When holds on any Family of Oka's disk, D is called Oka pseudoconvex.[ref 28] Oka's proof of Levi's problem was that when the unramified Riemannian domain[ref 30] was a domain of holomorphy (holomorphically convex), it was proved that it was necessary and sufficient that each boundary point of the domain of holomorphy is an Oka pseudoconvex.[ref 17][ref 29]
Locally pseudoconvex (locally Stein,Cartan pseudoconvex,Local Levi property)
For every point there exist a neighbourhood U of x and f holomorphic. ( i.e. be holomorphically convex.) such that f cannot be extended to any neighbourhood of x. i.e. A holomorphic map will be said to be locally pseudoconvex if every point has a neighborhood U such that is Stein (weakly 1-complete). In this situation, we shall also say that X is locally pseudoconvex over Y. This was also called locally Stein and was classically called Cartan Pseudoconvex. In the Clocally pseudoconvexdomain is itself a pseudoconvex domain and is a domain of holomorphy.[ref 31][ref 28]
Conditions equivalent to domain of holomorphy
For a domain the following conditions are equivalent.[note 17]:
D is a domain of holomorphy.
D is holomorphically convex.
D is Levi convex.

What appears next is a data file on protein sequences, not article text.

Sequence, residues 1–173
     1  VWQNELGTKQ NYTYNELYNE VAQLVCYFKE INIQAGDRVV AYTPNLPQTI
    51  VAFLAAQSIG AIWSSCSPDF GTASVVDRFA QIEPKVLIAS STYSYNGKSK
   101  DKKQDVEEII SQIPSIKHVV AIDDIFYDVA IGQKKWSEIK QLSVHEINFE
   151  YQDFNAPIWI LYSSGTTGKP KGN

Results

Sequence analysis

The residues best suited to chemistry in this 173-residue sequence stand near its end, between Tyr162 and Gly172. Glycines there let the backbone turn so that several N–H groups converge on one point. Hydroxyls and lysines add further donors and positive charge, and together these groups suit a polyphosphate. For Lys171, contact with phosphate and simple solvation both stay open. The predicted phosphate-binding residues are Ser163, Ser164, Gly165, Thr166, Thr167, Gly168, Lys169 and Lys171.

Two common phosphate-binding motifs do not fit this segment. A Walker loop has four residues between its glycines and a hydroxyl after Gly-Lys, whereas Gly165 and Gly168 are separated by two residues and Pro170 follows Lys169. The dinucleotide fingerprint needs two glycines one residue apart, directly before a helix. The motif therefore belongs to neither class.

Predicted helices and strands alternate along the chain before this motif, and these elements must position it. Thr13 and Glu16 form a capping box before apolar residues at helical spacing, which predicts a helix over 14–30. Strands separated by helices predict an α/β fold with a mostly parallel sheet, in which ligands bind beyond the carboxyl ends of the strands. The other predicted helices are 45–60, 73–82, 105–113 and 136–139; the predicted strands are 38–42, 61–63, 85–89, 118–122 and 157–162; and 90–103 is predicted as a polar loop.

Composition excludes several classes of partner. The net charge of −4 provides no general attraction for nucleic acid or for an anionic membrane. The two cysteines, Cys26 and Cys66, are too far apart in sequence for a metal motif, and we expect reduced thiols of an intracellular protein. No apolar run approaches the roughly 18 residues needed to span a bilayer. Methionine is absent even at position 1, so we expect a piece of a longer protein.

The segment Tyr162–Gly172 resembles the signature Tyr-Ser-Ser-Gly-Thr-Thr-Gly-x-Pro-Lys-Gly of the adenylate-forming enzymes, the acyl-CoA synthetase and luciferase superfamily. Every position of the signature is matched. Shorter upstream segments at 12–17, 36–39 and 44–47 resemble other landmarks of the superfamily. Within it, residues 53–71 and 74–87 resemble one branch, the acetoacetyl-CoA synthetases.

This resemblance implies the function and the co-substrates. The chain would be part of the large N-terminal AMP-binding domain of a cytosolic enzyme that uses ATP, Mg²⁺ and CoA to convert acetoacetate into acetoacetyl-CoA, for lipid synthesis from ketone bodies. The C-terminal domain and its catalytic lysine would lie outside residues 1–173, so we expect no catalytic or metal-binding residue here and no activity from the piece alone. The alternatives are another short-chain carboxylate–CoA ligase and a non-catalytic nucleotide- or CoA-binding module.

D is pseudoconvex.
D is Locally pseudoconvex.
The implications ,[note 18],[note 19] and are standard results. Proving , i.e. constructing a global holomorphic function which admits no extension from non-extendable functions defined only locally. This is called the Levi problem (after E. E. Levi) and was first solved by Kiyoshi Oka,[note 20] and then by Lars Hörmander using methods from functional analysis and partial differential equations (a consequence of -problem).
The definition of the coherent sheaf is as follows.[ref 37]
A coherent sheaf on a ringed space is a sheaf satisfying the following two properties:
is of finite type over , that is, every point in has an open neighborhood in such that there is a surjective morphism for some natural number ;
for arbitrary open set , arbitrary natural number , and arbitrary morphism of -modules, the kernel of is of finite type.
Morphisms between (quasi-)coherent sheaves are the same as morphisms of sheaves of -modules.